Rock slides, avalanche terrain and red wax

Two weekends in a row where Ma Nature decided to alter my plans. It was not the outdoor fun I planned, but it was still enjoyable.

My original plan two weeks ago was to ski Red Mountain Pass in the San Juans.

Just outside of the small mountain town of Ouray, Colorado, this pass is supposed to have some exquisite backcountry skiing.  Amazing views, low angle descents and a wide area. More than the ice climbing this area is known for, it was the skiing that  called to me. The San Juans are my favorite mountains in Colorado and to experience them in winter sounded awesome.

Alas, a rock slide occurred just before I arrived.  The road was closed and unseasonably warm conditions made for some avalanche terrain outside of this closed down pass.

At the last-minute, my touring skis were packed and a “Plan B” was TBD.

Once I arrived in Ouray, I quickly found the place my friends were renting and gracious enough to share with me. Stowed my gear, cracked open a beer and waited until my friends arrived.  Once my friends arrived, we discussed the options available to us.

My buddy Mark confirmed the bad news. We made a plan to stop by a local outfitter to  see what looked good in the area.

The following day, we chatted up the local outfitter and he gave us ideas.  On his advice, we went to East Dallas Road with its fantastic views of Mt. Sneffels.

The day was unseasonably warm and reminded me more of spring skiing conditions than winter in Colorado.  I even had to use red wax. For those who are not familiar with waxing skis, this is the kick wax used more in March or April than in January!  The snow was “gloppy” with bare spots along the jeep road.

Still, we were outside and the San Juans never fail to impress.

After this ski, Mark and I went to the Ouray Brewery where I had a delicious Red Mountain Rye.  If I can’t ski near Red Mountain, at least I could drink the beer!

I noticed how quiet the town was on our way back from the Brewery. The warmer weather and the closed road really seemed to be affecting the business in the area. Judy was saying how people had to be off the ice in the park by noon or so because it was so warm.

A few of us in town had dinner together and plans were made for the following day.

The next day’s outing would be Dexter Creek Road mere minutes from where we were staying. Though lower in elevation, the road is in a canyon for part of the way and shaded. The snow was actually better.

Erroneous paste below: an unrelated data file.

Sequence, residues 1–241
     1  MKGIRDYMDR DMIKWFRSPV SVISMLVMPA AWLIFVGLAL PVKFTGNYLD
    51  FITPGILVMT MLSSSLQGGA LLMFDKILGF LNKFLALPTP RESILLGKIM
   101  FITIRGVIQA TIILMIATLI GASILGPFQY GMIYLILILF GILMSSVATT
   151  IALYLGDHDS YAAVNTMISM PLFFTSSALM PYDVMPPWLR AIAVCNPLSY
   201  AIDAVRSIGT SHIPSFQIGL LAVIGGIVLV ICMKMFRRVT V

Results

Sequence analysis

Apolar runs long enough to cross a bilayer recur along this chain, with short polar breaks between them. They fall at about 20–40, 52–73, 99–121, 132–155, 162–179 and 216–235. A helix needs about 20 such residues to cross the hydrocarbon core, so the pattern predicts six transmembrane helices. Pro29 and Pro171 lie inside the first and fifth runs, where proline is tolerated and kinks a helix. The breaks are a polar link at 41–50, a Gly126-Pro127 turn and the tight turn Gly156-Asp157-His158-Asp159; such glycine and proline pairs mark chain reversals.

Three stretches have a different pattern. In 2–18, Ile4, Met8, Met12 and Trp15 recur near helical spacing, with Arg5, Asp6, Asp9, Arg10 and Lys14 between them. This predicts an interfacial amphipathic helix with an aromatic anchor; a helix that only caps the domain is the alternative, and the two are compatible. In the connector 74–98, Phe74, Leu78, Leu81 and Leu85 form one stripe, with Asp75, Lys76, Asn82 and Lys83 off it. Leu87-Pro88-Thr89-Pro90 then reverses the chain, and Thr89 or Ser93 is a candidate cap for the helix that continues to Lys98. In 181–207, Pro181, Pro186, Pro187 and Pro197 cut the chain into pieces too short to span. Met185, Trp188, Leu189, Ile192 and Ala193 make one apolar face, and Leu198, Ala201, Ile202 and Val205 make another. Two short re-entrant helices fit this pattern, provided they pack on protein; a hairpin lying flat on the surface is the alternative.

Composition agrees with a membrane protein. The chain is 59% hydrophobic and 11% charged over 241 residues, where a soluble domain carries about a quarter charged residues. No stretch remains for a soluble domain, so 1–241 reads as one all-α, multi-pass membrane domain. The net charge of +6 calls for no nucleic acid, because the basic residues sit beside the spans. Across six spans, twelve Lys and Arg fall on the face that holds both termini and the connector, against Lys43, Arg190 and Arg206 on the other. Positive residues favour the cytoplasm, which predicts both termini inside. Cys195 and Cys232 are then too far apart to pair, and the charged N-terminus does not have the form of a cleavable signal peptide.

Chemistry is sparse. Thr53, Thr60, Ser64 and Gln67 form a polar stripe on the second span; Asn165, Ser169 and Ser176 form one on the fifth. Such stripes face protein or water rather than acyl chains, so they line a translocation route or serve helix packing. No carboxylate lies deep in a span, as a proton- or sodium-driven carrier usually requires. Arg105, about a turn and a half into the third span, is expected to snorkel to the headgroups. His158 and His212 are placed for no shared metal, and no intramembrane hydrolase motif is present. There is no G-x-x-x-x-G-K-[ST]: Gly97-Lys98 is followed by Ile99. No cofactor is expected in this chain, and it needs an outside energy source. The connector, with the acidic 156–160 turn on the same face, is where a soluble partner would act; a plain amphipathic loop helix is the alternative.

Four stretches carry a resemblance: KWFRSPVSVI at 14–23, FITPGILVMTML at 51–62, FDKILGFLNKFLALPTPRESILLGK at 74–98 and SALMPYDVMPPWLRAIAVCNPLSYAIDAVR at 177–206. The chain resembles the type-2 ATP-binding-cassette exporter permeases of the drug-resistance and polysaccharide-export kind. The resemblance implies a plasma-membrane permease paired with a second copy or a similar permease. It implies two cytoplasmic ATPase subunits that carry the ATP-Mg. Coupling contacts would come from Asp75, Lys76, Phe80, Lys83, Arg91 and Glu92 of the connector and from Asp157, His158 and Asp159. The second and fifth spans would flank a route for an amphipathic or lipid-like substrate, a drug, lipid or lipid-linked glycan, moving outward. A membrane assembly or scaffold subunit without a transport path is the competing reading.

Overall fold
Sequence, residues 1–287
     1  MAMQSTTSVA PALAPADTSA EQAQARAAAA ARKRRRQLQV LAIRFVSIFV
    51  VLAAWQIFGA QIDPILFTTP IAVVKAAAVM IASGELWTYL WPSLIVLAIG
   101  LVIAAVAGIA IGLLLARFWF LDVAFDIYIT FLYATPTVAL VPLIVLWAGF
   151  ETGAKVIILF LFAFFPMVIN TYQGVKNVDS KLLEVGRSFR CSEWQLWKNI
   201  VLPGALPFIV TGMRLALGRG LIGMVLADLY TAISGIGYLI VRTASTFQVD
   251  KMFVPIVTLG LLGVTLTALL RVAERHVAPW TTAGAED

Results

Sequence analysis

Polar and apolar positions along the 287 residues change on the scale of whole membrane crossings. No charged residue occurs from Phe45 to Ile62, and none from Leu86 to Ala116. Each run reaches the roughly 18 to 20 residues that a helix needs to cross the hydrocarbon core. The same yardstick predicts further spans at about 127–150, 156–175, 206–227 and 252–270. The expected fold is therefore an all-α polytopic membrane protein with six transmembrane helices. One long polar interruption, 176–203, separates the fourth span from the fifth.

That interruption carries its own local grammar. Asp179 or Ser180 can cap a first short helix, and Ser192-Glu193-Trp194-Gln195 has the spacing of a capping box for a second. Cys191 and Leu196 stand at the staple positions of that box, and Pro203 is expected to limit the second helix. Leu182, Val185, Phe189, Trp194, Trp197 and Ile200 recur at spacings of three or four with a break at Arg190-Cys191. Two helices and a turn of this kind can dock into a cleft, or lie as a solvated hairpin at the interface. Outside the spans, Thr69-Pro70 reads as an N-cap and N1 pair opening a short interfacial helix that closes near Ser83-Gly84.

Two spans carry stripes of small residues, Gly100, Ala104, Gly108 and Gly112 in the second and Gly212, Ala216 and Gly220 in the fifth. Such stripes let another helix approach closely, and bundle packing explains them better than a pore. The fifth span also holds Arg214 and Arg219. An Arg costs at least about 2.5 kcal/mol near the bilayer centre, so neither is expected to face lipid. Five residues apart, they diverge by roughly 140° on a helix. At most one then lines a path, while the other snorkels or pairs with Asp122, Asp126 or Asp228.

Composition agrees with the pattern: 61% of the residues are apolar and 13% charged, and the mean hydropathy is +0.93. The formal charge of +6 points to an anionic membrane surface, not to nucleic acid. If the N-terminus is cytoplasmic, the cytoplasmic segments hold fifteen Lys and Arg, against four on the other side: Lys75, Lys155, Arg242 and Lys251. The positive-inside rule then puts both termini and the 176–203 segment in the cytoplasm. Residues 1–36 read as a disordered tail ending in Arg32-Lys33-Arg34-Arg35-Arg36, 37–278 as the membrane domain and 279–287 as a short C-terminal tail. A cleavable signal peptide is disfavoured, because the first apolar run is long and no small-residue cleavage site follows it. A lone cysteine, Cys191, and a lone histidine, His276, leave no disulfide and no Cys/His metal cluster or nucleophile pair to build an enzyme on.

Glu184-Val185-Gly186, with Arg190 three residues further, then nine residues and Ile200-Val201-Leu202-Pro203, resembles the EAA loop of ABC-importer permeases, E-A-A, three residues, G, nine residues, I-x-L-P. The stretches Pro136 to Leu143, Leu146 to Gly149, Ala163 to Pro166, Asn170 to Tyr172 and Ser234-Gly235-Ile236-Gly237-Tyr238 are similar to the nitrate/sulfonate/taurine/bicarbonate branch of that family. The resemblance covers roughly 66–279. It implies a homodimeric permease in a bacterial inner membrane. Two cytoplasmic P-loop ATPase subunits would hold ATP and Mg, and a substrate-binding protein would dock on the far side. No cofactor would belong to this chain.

The views, again, did not fail to disappoint.

This short, but steep route, quickly had us gaining elevation.

At the end of the road, there was a high point that was dry and sunny. A perfect place to drink some hot tea and take in the view.

Down we went the steep jeep road. Amazing how much quicker the descent was than the climb!

About half way down the road, Mark spied a small trail that looked like it led to an overlook. Skies were taken off and we “bare-booted” it over to another great vantage point.

We walked back, clipped back into our skis and finished the quick descent.

Arrived back at my vehicle and enjoyed an apres ski in town.

Took a quick shower and made my way back to the Front Range.

Not quite the weekend I had planned, but still enjoyable.

The following weekend was going to be another weekend spent in Colorado mountain town. This time Crested Butte, or rather Gothic just outside of CB.  Friends of mine are caretakers of the research station up there during the winter months. The only way in and out of the research station is a three-mile ski or snowshoe up the road.

My friends generously invited me to spend the weekend up there. I again had visions of deep powder, gorgeous mountains and seeing something in winter I have not seen before.

Alas, the weather turned Friday. The roads were a mess. I did not want to go over Monarch Pass at night in the howling snow.  To make matters even more “interesting”, my friends informed me that the avalanche danger into and out of Gothic was rated hazardous. All backcountry skiing throughout Colorado had similar hazardous conditions. I decided to stay local and stick to ski touring instead.

I did a nice 10 miles of skiing up at Peaceful Valley. It was pleasant in the trees with the gently falling snow.

The following day was sunny. The snow was cold, fluffy and abundant. The wind was gentle. A perfect day to push onto Coney Flats below the Continental Divide.

The trail itself is not hard, but people seldom go all the way to Coney Flats. So there is often trail to break.  I passed people on the way up, then the tracks become less defined. Towards the end, I followed one track through partially broken trail.

I arrived at the flats and had a great view of Sawtooth on the Continental Divide.

I drank my chai, savored the warm sun and the solitude.

As I was enjoying my break, a person came by and yelled “Paul!”   I did not recognize the person at first. But after a minute of talking, I realized it was friend I had not seen in two years. Wow! Time flies.  He was my mysterious trail breaker. We caught up and skied back together. A fun little ski back, esp taking a side jeep road that was steeper than the normal trail.

We quickly arrived back at the trailhead and realized we are on the same hut trip in a couple of weeks. Small world! A good way to end the tour.

Made it back home, quickly showered and went to the pseudo-holiday of the Super Bowl at my  friends’ house..  🙂  I am not into football, or even sports at all,  but wings. pizza and beer always works for me!

Not quite the weekends I planned, but still enjoyable.

Yeah..that’s about right.  (From MNN.COM)

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Andrew Cook
Andrew Cook
10 years ago

Looks like a good time. I’ve never tried cross country skiing, but it looks like something I’d like to try out.